For starters, all the mentioned lore and history of this world is as mesmerising as the plot and I am on tenterhooks to learn more of it. (Don’t worry, no info dumps – just clever writing) Jay Kristoff has parcelled out enough bits and pieces that it hints at a much larger world, rich in diversity and brimming with untold tales. To tease with a taste, in contrast to the dark tone of this story, we have a world where it is almost never night, and the time of day that qualifies as night (even though it is not dark,) is aptly called Nevernight. There are three suns in the sky and between them, they ensure that Truedark only arrives once every two and a half years. But there is so much more… The Luminatii aka the bad guys (Well I guess bad guy is just a matter of your point of view?) or religious nuts have swords that light up in searing flames, fitting as they have been blessed by Aa to be the light of the world against the threat of the dark, those who worship Niah, the patron goddess of the Red Church. And then we have the city Mia grows up in which has been built beneath and also using the skeletal remains of a giant unknown beast or god (who knows what, and not helping the matter is the fact that the skull is missing), the myriad horrific creatures such as Sand Kraken (shudders) and Book Worms (WAY scarier than it sounds), and many more varied characters inhabiting this enthralling world. Truly, my list could go on and on.
And oh the action, gentlefriends…
But no spoilers here.
Whilst the story might at first sound somewhat familiar being that age-old, but well loved fantasy trope of revenge, and on top of that mixed in with a school for the gifted, (as catnip is to cats so are schools for gifted/wizards/assassins to this reader) the author has somehow made Nevernight feel entirely original and unique and the writing makes no bones about it right from the start. I was vexed in the opening chapter as the story starts off being told from what seems to be two alternating perspectives, but with slightly differing experiences, showing us similarities between two vastly different acts. As weird as that sounds, it is superbly done and an excellent bit of writing that I have not seen before. Past that initial confusion, the story picks up the pace and sucks you right in, building steadily as you close in on the last third of the book and then venturing into unputdownable territory from there on out. I had a very late night thanks to those final ten chapters. Oh, and it would be remiss of me to omit that this book was also the first instance I saw of the use of formatting text in a specific way to convey a specific action, and it is brilliantly executed, just another tick on my list of things to love about this tale.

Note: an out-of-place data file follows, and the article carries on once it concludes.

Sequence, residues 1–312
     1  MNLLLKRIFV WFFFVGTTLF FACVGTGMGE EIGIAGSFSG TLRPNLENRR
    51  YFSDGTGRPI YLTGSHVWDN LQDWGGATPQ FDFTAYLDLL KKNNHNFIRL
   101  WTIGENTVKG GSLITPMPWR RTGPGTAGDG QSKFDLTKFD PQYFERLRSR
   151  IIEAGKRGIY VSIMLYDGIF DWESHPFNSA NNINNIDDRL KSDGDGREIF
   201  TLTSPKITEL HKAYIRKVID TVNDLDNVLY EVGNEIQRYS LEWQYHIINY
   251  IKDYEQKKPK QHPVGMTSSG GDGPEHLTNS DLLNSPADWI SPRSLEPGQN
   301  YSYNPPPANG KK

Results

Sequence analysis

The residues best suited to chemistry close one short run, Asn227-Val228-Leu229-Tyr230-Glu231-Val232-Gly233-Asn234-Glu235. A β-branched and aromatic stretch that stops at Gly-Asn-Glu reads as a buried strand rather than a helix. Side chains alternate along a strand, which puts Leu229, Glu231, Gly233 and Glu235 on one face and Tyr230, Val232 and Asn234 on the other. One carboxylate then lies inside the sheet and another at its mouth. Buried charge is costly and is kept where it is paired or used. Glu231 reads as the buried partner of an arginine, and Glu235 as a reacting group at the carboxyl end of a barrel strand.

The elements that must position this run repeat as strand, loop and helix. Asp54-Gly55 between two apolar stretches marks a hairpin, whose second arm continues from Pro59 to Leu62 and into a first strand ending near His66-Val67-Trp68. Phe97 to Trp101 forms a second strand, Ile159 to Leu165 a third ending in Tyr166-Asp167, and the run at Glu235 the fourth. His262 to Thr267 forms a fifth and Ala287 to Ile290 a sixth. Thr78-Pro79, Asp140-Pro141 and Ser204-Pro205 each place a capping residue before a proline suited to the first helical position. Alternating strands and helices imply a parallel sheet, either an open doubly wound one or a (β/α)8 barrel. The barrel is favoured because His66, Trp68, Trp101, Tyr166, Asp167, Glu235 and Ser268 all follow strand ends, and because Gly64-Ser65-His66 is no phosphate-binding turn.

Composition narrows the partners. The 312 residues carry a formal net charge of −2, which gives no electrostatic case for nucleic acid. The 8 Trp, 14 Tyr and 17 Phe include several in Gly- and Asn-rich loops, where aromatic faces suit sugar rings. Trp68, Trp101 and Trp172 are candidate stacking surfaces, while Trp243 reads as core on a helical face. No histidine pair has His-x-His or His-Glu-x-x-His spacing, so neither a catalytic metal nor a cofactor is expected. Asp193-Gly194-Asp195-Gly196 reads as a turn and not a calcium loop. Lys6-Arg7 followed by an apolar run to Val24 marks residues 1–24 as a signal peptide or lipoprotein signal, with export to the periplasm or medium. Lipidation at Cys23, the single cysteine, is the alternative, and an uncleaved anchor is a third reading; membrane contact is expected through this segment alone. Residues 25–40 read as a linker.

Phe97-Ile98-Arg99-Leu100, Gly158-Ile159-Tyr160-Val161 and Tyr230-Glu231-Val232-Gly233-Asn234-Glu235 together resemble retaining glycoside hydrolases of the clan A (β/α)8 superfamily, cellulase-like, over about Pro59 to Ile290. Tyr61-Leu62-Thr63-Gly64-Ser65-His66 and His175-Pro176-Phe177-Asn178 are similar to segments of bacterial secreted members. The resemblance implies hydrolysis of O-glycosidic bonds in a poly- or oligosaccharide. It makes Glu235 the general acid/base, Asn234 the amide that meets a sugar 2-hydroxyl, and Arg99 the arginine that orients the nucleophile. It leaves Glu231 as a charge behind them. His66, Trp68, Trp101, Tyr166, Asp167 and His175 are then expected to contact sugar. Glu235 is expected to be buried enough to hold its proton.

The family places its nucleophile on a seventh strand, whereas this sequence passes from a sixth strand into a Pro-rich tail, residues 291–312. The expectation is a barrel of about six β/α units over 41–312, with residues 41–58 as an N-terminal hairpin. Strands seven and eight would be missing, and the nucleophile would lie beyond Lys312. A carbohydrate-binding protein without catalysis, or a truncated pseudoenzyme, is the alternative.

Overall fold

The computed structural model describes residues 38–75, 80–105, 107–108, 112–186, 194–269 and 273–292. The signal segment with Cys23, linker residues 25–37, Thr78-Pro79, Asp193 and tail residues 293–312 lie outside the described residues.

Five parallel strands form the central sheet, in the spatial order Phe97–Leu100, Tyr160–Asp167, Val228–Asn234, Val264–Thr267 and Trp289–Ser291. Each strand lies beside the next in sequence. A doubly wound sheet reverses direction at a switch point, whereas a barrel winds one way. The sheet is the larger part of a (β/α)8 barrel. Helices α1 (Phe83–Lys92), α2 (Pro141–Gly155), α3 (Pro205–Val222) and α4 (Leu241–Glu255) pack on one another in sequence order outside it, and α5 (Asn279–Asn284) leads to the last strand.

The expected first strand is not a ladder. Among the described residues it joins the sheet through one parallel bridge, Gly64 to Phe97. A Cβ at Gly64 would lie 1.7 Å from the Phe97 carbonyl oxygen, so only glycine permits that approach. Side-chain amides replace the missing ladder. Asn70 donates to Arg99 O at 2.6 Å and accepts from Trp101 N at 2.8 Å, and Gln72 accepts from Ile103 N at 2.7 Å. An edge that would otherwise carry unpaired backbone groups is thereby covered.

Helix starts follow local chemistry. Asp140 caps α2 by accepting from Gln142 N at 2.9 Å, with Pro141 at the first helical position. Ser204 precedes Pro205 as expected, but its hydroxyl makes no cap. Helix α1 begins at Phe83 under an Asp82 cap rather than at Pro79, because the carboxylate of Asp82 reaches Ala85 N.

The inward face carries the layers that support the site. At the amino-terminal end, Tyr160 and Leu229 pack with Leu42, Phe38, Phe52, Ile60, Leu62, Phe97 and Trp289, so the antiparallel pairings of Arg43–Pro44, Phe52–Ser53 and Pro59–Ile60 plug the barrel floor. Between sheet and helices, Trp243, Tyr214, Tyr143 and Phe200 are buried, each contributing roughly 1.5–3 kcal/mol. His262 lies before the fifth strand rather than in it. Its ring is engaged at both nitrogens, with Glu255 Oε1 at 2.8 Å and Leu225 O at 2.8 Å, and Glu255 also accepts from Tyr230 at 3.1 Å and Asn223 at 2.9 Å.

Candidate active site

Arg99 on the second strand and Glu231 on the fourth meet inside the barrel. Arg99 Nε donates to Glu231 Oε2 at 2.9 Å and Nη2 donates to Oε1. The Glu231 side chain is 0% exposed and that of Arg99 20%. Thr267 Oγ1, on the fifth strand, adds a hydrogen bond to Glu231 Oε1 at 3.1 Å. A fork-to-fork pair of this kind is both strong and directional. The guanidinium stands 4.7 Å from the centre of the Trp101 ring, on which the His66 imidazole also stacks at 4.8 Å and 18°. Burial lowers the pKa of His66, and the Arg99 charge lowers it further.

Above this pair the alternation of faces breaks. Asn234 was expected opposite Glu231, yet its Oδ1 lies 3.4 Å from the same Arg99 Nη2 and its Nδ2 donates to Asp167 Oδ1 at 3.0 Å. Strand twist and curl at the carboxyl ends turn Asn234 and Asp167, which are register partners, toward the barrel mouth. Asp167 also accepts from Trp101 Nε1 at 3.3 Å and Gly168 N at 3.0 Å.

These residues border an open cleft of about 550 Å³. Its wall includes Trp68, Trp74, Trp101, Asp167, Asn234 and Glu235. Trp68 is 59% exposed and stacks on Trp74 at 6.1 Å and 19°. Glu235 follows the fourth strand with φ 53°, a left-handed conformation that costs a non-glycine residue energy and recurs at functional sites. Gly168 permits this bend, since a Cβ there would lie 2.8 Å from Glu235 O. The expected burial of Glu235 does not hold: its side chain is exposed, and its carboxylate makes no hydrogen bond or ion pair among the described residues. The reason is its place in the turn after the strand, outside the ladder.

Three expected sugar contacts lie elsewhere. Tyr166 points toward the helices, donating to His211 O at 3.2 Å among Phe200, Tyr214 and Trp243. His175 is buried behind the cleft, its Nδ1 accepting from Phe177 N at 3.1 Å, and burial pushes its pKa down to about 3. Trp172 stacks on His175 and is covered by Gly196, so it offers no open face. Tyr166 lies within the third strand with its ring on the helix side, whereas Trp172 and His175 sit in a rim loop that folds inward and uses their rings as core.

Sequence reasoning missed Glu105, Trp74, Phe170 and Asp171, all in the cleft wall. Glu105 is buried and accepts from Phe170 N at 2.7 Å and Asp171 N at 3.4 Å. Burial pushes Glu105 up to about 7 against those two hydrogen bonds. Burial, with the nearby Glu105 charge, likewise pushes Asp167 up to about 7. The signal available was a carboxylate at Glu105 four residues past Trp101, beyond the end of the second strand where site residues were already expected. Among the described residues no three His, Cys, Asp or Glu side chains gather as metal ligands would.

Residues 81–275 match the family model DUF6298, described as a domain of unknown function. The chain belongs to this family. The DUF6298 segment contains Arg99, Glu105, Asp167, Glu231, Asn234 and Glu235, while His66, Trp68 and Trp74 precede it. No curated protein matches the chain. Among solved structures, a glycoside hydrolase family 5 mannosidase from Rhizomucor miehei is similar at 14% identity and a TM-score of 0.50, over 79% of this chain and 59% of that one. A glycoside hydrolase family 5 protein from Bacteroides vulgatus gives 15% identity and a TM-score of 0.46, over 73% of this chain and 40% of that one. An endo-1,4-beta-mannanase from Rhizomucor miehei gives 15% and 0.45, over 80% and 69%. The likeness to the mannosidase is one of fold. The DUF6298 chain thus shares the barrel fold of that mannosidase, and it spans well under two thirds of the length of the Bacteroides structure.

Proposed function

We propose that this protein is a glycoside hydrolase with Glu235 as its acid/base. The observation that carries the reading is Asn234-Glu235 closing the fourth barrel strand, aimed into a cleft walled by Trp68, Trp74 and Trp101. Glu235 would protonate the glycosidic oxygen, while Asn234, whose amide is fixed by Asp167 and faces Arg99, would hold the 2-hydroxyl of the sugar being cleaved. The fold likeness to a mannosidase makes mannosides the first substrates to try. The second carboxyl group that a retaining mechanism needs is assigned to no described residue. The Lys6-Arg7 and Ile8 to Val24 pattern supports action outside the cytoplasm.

As for any possible issues, I would point out that a few other readers have complained about flowery or purple prose, and some have even lambasted the writing for it. I confess I might have rolled my eyes at a sentence or two in passing, but it’s hardly something to kick a fuss up about; I rather loved the writing in its entirety. If there is something that will putt some readers off it will surely be the footnotes added in every chapter. I think they are a stroke of genius, adding commentary/remarks/anecdotes throughout the story and aside from a few of them maybe being a touch long, they add heaps of wicked humour through a delightful narrator, and the author also makes clever use of them to expand on the worldbuilding without being info-dumpy.
To cut straight to the heart of it – Nevernight is dark, delicious & wickedly captivating entertainment that kept me enthralled throughout. If you have not yet read it, I hope I have convinced you to give it a chance. I will most definitely be rereading it for years to come, and have already done so a number of times.
“You’ll be a rumor. A whisper. The thought that wakes the bastards of this world sweating in the nevernight. The last thing you will ever be in this world, girl, is someone’s hero.”